Bear Creek: a case study in locating historic site remains in southeast Texas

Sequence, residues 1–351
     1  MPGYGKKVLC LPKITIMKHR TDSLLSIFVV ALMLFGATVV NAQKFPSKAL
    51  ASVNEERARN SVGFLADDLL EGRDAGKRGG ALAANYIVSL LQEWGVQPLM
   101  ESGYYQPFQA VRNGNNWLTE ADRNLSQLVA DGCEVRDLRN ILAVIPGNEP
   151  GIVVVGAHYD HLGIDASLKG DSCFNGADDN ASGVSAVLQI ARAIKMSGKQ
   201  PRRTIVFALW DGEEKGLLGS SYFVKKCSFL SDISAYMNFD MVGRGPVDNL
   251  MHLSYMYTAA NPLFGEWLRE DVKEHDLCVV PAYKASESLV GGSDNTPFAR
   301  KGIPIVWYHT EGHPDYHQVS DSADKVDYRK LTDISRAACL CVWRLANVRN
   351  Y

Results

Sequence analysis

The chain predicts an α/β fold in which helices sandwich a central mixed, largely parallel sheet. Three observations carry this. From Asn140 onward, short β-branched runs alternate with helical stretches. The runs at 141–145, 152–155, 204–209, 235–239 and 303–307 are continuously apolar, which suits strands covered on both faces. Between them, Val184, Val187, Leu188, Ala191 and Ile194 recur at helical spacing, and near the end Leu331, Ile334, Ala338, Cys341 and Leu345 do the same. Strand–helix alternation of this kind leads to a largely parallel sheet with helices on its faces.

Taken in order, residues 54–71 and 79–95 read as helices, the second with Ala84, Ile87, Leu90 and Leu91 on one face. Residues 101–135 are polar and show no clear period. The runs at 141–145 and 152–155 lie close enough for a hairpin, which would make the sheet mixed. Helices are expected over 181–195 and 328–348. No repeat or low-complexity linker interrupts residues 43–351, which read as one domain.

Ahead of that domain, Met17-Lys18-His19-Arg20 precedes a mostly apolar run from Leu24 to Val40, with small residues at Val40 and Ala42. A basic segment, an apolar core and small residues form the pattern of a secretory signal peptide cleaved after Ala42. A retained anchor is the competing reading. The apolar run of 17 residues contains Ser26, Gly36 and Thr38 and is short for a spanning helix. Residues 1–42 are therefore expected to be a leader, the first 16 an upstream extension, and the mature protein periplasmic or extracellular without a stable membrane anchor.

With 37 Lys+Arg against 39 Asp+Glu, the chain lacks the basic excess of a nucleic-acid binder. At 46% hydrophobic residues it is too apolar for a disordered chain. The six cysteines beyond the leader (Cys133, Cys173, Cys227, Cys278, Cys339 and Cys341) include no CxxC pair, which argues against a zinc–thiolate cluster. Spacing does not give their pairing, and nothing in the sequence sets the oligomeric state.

In the Gulf Coastal Prairie and Marsh region of Texas, historic archaeological sites are often obscured by dense vegetation resulting in extremely limited surface visibility. In an environment such as this, historic sites can only be detected by the presence of above-ground features such as architectural remains and landscaping. Although not standard among cultural resource management firms, the use of historical aerial photography and informant interviews can be effective and efficient pre-field strategies for locating sites in this region. Identification of such sites is further enhanced by an in-depth understanding of the characteristic remains of pier and beam construction, which was commonly utilized in 19th-century southeast Texas farmsteads. Four 160-acre grants located in the Addicks Reservoir, Harris County, Texas were used as a case study to test the effectiveness and efficiency of these pre-field research strategies. Each of these tracts was associated with the mid 19th-century establishment of the German immigrant community of Bear Creek, and each tract contained the remnants of farmsteads where structures had often been removed or relocated leaving little above-ground remains to be discovered using standard survey techniques. A 1915 topographical map and a 1930 aerial photograph of the area were employed together with accounts of former residents and descendants of former residents that indicated locations of former farmsteads on each of these tracts. Additional archival research, including U.S. Army Corps of Engineers acquisition files for Addicks Reservoir, was conducted prior to a field ??ground-truthing?? survey of the properties. As a result, all six of the historic sites that appear on a 1930 aerial photograph of the area were located and documented. One historic site that appeared on a 1915 topographical map of the area but did not appear on the 1930 aerial photograph was not located.